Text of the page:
Truth be told, the answer to the general question “What does ‘not an’ mean?” is “It depends”: The meaning of the phrase turns on its context. . . . “Not an” sometimes means “not any,” in the way Novo claims. If your spouse tells you he is late because he “did not take a cab,” you will infer that he took no cab at all (but took the bus instead). If your child admits that she “did not read a book all summer,” you will surmise that she did not read any book (but went to the movies a lot). And if a sports-fan friend bemoans that “the New York Mets do not have a chance of winning the World Series,” you will gather that the team has no chance whatsoever (because they have no hitting). But now stop a moment. Suppose your spouse tells you that he got lost because he “did not make a turn.” You would understand that he failed to make a particular turn, not that he drove from the outset in a straight line. Suppose your child explains her mediocre grade on a college exam by saying that she “did not read an assigned text.” You would infer that she failed to read a specific book, not that she read nothing at all on the syllabus. And suppose a lawyer friend laments that in her last trial, she “did not prove an element of the offense.” You would grasp that she is speaking not of all the elements, but of a particular one. The examples could go on and on, but the point is simple enough: When it comes to the meaning of “not an,” context matters.
OK, first of all this is like the dumbest f@#$ing thing I have ever read. And I get that half of you are lawyers and there’s probably some legal reason why the distinctions in possible implied meanings of “not an” needs to be detailed in such thorough fashion, but c’mon. This case really made it to the Supreme Court without anyone hashing that out? There’s no legal precedent she can cite that covers how sometimes “not an” means not any and sometimes it means not one specific thing? This is what Supreme Court Justices do?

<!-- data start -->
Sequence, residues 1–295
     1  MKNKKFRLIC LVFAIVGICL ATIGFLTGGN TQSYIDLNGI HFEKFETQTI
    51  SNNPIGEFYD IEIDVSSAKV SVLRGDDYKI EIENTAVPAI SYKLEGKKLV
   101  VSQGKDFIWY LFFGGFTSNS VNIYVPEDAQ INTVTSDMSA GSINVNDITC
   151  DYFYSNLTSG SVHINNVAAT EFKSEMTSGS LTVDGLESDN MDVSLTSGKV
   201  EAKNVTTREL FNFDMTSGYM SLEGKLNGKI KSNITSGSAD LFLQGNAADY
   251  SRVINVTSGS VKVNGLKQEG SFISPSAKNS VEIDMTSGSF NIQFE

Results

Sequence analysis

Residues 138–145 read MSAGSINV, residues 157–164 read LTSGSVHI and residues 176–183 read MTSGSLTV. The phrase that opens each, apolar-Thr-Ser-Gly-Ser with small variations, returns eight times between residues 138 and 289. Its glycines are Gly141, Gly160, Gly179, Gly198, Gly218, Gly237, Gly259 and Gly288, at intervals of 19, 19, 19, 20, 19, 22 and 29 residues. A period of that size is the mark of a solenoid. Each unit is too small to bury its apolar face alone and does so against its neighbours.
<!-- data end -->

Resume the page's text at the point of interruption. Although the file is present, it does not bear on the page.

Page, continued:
Second, after she gives two perfectly apt examples of what she’s talking about, she throws in a totally unnecessary joke about the Mets. And I’m all for lightening the mood at Supreme Court proceedings, but, again: c’mon. Stale, and too easy. Jokes about the Mets for people who can’t make lawyer jokes are like lawyer jokes for everyone else.
Moreover, Kagan’s a Mets fan, so you’d hope she’d have a little better sense of what she was talking about. DOES THE SUPREME COURT NOT CARE ABOUT ACCURACY ANYMORE? Hitting is the one thing the Mets do have!
If she said “the team has no chance whatsoever (because they [sic] have first basemen at four positions, shaky starting pitching and play in a tough division),” then she’d get a pass, a frustrated but reasonable fan airing her grievances wherever she finds a platform. But no. Supreme Court Justice Elena Kagan thinks the Mets can’t hit even though the Mets can hit. And I’m just going to go ahead and assume she retires to her quarters to call WFAN to demand the Mets trade David Wright.
Let’s hope The People vs. Carlos Beltran never goes to the highest federal court because I suspect Kagan’s going to rule on the wrong side of that one.